Workspace ergonomics: optimize your health while working from home

Posted on: November 25th, 2020 by Ashley Grover, PT, DPT

During this new era of working from home, there are several accessible ways to create a workstation or office that can optimally promote good posture. These include (1) adjusting your workspace with recommended chair, body, and office equipment positioning; (2) altering sitting and standing postures; and (3) taking periodic rest breaks to get up and move or stretch.

Step 1. Adjust your workspace

  1. Adjust the height of your chair positioning as close to your desk/workstation as you comfortably can.
  2. Adjust your armrests. An ideal chair has armrests, and they should be adjusted to slightly lift your shoulders without placing tension on the neck.
  3. Adjust your backrest for a neutral spine tilting either forward or backward depending on individual.
  4. Determine your resting eye level from object of interest.
  5. Position frequently used objects within arm’s reach for quick access.

How can I set up my workstation/office at home?

Positioning recommendations

(1) Monitor screen top slightly below eye level
(2) Body centered in front of the monitor and keyboard
(3) Forearms level or tilted up slightly
(4) Lower back supported by chair
(5) Wrists free while typing
(6) Thighs horizontal to floor
(7) Feet resting flat on floor or footrest


Work surface setup recommendations

  • Desk height should be about 25-34 inches depending on size of individual.
  • Resting eye level should allow for visual scanning of about 35 degrees.
  • The work surface should have adequate space for equipment (monitor, telephone, stapler, tape dispenser, etc.) located close to the user to minimize bending, flexing, or twisting of arms, wrists, or hands.
  • The keyboard and mouse should be placed together on a platform that is at least 28 inches wide, directly in front of the user and directly beneath the monitor
  • Ensure elbows, hips and knees are resting at about 90 degrees.
Photo Reference: (Workplace Ergonomics Reference Guide 3rd Ed.)

Step 2. Good sitting and standing posture

Sitting in a hunched-forward position places a lot of pressure across the lower back region and neck. While sitting, most individuals tend to place their neck in a forward-leaning position with their chin protruding forward which causes strain and tension on the muscles. Your lumbar discs, or lower back, are subjected to 1.5-to-2 times the force they would be in a standing position; therefore, frequent changes with reduce the pressure.

Good sitting posture can be achieved by positioning your head facing front without protruding forward, shoulders relaxed and down away from the ears, elbows by your side and bent to roughly 90 degrees, wrists are neutral (not bent up, down or away from each other), spine vertical or slightly reclined, the small arch in the lower back is maintained supported, and hips and knees level (or the hips are slightly above the knees).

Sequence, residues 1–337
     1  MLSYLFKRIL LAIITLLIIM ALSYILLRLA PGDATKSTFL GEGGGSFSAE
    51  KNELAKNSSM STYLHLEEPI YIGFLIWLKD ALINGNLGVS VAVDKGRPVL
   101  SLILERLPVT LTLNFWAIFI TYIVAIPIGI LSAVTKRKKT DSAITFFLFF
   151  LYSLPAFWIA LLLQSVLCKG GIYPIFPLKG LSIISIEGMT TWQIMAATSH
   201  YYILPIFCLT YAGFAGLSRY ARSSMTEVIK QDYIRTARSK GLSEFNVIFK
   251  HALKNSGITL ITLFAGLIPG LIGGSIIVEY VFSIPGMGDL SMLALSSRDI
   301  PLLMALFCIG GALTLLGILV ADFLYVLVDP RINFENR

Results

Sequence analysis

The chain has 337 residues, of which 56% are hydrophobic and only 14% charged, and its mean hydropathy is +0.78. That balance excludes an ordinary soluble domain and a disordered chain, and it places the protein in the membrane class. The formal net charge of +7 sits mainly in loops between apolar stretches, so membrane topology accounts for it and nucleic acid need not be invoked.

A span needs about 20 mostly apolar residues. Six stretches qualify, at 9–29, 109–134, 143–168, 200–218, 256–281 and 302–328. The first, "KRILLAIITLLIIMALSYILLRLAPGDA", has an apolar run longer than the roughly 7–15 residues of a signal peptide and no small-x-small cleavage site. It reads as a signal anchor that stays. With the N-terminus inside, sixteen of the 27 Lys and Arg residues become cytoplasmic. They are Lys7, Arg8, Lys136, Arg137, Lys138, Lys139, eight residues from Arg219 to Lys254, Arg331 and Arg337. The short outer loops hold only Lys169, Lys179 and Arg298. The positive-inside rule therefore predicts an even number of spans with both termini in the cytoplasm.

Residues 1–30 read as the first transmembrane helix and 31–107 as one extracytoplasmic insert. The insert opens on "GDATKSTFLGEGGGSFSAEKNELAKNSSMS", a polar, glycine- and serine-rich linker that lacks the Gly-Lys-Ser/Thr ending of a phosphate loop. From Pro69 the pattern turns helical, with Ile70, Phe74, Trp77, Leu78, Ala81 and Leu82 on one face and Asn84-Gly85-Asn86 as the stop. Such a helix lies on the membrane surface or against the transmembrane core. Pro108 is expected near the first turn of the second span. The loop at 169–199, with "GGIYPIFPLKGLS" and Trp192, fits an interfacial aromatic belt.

Good standing posture can be achieved when symmetrical weight bearing is placed through both feet, shoulders and pelvis are level, and proper head positioning is maintained to the object on which you’re focusing.

Step 3. Rest breaks

With complaints of neck and back pain on the rise since more people began working from home this year, it’s important to take frequent rest breaks throughout the day to move and stretch your body.

Here are a few ways to reduce the risk of developing spinal pain:

  • Take several breaks a day for up to 15-30 minutes to improve circulation and reduce pressure placed on the spine.
  • Perform gentle stretches of the neck and low back region to reduce tension and irritability to the soft tissues in those regions.
  • Alternate between sitting and standing postures.
  • Utilize a small pillow for the lower back region for support.

What are good stretches/exercises I can perform?

Neck pain:
• Chin tucks*

Sit or stand, looking forward with good posture
Gently glide your chin straight back. It’s a small movement. Don’t tilt your head up or down or bend your neck forward
Hold 3-5 seconds
Return to start position
Perform 10-15 times
*Place fingers on chin for self-cueing as needed


• Upper neck stretches

Sit or stand with arm holding onto firm workstation
Gently bend the head/neck the opposite direction to stretch muscles on side of neck
Hold 15-30 seconds
Return to start position and repeat the other side
Perform 2-3 times



• Shoulder blade squeezes

Sit or stand, arms resting by your sides
Gently pinch shoulder blades together
Hold 3-5 seconds
Relax and repeat
Perform 10-15 times



Back pain:
• Lower back forward-lean stretch

Sit or stand with feet resting on floor
Slowly bend forward at waist and reach between your legs or to the floor
Hold stretch 20-30 seconds
Return to start position
Perform 2-3 times



• Hamstring stretch

• Seated or standing, rest your heel on a stable surface with your knee straight
• Gently lean forward until a stretch is felt behind your knee/thigh
• You should keep your low back straight to focus the stretch on the hamstring muscles
• Hold stretch for 20-30 seconds
• Repeat 2-3 times on each leg


• Side-bending stretch

• Sit toward front of chair so that arms can hang in line with front chair legs
• Keep feet and knees wide to help maintain balance
• Place one hand on same side of head
• Gently lean to the side sliding arm/hand down the leg of chair
• Hold stretch for 20-30 seconds
• Return to start position
• Repeat 2-3 times on each side

O’Sullivan SB. Physical Rehabilitation. F.A. Davis Company; 2014, 6th edition. 365-368.
United States Department of Defense, Workplace Ergonomics Reference Guide: A Publication of the Computer/Electronic Accommodations Program

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